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    "Is she pretty? This may sound like the most sexist question possible" It's up there, yes. -1 from me. – Pete L. Clark Mar 6 '15 at 14:55
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    wish I had the rep to downvote this. – grasshopper Mar 6 '15 at 15:04
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    -1 I cringed really, really hard. What's really nauseating is after the first two paragraphs, your answer levels out and suddenly gains some clarity and potential usefulness. But this is made unreadable and unhelpful by the nonsense in the beginning, which is discriminatory and patronizing to men and women alike and somehow paints all parties as pitiful foolish victims of attractiveness and sex roles. Some people work hard, some are smart, some are skilled, some are kind, some are attractive, and some are male/female - and all these scales are almost strictly orthogonal. – BrianH Mar 6 '15 at 16:58
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    I am assuming you are trolling... however, I am going to say that we have a 50/50 male/female ratio in the lab. Our supervisor is a woman. There are no sexual issue between us. Dot. -1 btw – je_b Mar 6 '15 at 17:32
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    While I do find that other answers are much more useful and right on target compared to this one, I do not think this deserves the extreme -5 score. The comments are much more paranoid than how sexist is this answer. – Hontvári Levente Mar 8 '15 at 9:43
-2

I don't know much about the interpersonal climate in your lab, but if you feel confident to solve it with humor, I can help you.

Hand her 20 question vouchers. Sounds ridiculous but worked perfectly for my daughters some years ago. 20 vouchers per day are plenty, but it forces her to think about every question. It also gives her the possibility to proof, that she isn't asking to much questions, which is smoothing her way to improve her "teach-yourself" skill.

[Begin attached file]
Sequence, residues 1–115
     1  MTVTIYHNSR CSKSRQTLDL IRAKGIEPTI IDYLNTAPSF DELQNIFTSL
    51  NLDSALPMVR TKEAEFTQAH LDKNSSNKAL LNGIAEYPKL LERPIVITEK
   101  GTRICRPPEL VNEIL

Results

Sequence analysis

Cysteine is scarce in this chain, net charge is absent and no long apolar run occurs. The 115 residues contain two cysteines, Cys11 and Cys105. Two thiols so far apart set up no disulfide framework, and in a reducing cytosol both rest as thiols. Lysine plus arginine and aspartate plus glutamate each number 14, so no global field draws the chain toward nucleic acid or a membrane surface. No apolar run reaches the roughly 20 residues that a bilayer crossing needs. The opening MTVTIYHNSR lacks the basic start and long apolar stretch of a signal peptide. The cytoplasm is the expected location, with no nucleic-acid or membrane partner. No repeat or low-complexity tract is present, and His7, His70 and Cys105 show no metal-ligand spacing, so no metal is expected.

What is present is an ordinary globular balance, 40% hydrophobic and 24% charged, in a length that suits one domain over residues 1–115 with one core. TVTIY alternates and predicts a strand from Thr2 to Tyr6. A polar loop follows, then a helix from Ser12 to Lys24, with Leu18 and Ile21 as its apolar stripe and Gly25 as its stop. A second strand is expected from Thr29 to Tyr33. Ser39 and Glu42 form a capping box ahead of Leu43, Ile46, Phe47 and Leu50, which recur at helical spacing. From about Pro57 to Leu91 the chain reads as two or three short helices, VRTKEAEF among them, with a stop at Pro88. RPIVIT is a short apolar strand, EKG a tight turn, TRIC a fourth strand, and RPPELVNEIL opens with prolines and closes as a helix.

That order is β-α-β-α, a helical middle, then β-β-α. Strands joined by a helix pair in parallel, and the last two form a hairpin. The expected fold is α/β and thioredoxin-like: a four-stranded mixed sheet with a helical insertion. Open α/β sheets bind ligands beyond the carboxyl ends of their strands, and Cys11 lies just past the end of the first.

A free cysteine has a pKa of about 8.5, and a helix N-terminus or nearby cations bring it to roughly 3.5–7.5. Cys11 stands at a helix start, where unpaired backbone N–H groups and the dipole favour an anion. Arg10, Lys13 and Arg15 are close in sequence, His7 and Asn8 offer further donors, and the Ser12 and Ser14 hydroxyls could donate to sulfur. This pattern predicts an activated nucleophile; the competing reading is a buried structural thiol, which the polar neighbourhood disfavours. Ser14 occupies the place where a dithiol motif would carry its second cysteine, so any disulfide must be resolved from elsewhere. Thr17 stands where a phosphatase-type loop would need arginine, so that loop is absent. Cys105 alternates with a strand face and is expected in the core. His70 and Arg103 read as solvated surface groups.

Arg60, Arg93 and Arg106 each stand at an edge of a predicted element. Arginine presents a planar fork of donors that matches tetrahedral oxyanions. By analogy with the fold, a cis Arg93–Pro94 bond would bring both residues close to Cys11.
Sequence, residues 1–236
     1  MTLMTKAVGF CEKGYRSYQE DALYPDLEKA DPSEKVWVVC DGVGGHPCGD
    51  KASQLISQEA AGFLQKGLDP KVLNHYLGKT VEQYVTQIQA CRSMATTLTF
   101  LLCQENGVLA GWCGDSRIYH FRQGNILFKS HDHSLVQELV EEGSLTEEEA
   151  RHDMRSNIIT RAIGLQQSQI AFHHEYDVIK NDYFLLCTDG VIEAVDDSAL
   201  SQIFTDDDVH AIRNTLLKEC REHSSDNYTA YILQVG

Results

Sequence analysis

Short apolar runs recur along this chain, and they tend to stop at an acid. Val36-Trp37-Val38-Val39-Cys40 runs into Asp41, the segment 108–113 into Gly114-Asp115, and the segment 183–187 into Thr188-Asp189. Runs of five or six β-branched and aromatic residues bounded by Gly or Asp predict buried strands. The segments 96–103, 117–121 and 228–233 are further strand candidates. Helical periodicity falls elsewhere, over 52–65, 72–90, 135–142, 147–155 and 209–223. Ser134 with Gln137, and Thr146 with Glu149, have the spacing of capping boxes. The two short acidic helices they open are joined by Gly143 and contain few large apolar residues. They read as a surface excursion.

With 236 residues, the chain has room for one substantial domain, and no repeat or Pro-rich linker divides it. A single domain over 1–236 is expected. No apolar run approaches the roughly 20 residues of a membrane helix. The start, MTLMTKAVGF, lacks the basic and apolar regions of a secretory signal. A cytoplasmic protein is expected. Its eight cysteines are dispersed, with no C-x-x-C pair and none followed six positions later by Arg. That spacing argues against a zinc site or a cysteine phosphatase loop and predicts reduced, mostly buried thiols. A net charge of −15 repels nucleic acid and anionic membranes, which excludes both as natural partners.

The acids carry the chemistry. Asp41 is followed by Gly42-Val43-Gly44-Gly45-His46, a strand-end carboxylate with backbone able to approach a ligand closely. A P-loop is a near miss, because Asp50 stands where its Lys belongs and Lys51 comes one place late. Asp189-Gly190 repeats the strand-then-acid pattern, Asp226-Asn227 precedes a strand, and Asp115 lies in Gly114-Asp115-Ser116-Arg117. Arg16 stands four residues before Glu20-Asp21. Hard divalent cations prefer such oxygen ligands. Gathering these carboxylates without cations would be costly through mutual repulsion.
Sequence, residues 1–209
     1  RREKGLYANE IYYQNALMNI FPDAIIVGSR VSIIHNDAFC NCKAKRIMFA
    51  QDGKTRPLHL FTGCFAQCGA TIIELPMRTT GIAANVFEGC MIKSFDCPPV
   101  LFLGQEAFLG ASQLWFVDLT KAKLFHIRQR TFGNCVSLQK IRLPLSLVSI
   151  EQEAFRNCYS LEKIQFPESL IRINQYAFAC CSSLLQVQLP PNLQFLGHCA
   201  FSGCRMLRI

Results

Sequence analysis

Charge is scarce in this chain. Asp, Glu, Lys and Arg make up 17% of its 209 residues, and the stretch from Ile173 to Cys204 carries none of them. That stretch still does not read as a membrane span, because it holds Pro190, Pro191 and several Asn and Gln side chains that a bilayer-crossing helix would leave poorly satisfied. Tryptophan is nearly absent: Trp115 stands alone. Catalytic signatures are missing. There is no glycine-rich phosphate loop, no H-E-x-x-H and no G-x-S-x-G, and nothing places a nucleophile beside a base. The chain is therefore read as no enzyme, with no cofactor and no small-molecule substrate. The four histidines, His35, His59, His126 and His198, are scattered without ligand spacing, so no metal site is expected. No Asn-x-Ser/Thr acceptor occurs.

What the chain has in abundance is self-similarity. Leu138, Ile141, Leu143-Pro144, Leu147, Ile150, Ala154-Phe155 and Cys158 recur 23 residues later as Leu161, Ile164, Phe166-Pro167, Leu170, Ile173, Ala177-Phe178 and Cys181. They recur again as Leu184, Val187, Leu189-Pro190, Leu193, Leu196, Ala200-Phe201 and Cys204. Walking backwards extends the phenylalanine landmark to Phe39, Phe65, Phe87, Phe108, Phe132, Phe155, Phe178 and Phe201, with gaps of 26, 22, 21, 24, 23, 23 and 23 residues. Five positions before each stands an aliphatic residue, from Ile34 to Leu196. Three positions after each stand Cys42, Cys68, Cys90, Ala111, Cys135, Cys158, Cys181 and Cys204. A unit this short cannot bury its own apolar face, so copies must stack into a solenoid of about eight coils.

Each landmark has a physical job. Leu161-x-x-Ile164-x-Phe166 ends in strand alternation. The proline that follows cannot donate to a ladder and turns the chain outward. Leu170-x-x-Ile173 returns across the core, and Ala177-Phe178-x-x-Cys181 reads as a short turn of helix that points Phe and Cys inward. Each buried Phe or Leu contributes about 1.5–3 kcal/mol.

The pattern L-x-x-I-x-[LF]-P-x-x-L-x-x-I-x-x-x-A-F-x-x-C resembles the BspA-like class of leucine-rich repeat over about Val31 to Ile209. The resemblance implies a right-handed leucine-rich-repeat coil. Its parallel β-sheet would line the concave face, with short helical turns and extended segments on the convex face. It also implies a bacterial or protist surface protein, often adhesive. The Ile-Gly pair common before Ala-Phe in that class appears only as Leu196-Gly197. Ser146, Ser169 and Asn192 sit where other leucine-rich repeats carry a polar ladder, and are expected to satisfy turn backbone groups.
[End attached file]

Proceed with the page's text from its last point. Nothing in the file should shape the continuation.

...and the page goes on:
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    Unfortunately, I am afraid this risks being taken as patronising. Your daughter has respect for you, and will trust you on this; this person seems to take badly when people can't help her right now. – Davidmh Mar 6 '15 at 10:33
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    A 13 year old girl has neither respect nor trust for her parents, but yes it was patronizing. – Karsten Gutjahr Mar 6 '15 at 11:27
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    What you suggest is not professional and if not taken patronizing, it will definitely be considered as humiliating. – Pouya Mar 6 '15 at 13:11
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    This would seem to give someone a physical proof that would sure look - to any outside party - that they are de facto being mistreated/bullied/harassed and indeed could constitute a "hostile work environment". It's about as advisable as fashioning a dunce cap. It doesn't even matter what's intended - the perception of a "reasonable person" standard could very well cause personnel, reputation, career, and/or legal problems for the person doing it. – BrianH Mar 6 '15 at 16:26
  • This could work if you handed out the same number of vouchers to everyone in the lab once a semester, and just state it as your new policy that in order to answer questions you have to use these vouchers. Many people on workplace stackexchange do this, but not in a silly humorous way where you print out a ridiculous number of them per day and hand them to only one person, that indeed would be bullying. – WetlabStudent Mar 8 '15 at 21:19
5

Be careful about the bullying part. Even if it's completely unfounded, if she complains about bullying to a supervisor or even the department, you will have to explain yourself. And if people believe her but not you, you are in trouble. There is no guarantee that people make sensible judgments.

If you raise the issue with a supervisor in a way that leaves a paper trail, you are not only doing something to address the immediate situation, you are also protecting yourself from a situation that is much worse than the current one.

Also keep in mind that communication is tricky. If you say "she starts mumbling expecting that someone will approach and solve the problem for her", then that is almost certainly not the way she experiences this. Involving a third party (the supervisor) can resolve communication issues, or mismatching expectations.

9

Let's say you have taken the final "asked a colleague" step, what's the next source of help if that still isn't useful? It sounds like that is the action she should take.

If you are not sure yourself, then that is probably the problem. There should be another source of information past just your colleagues.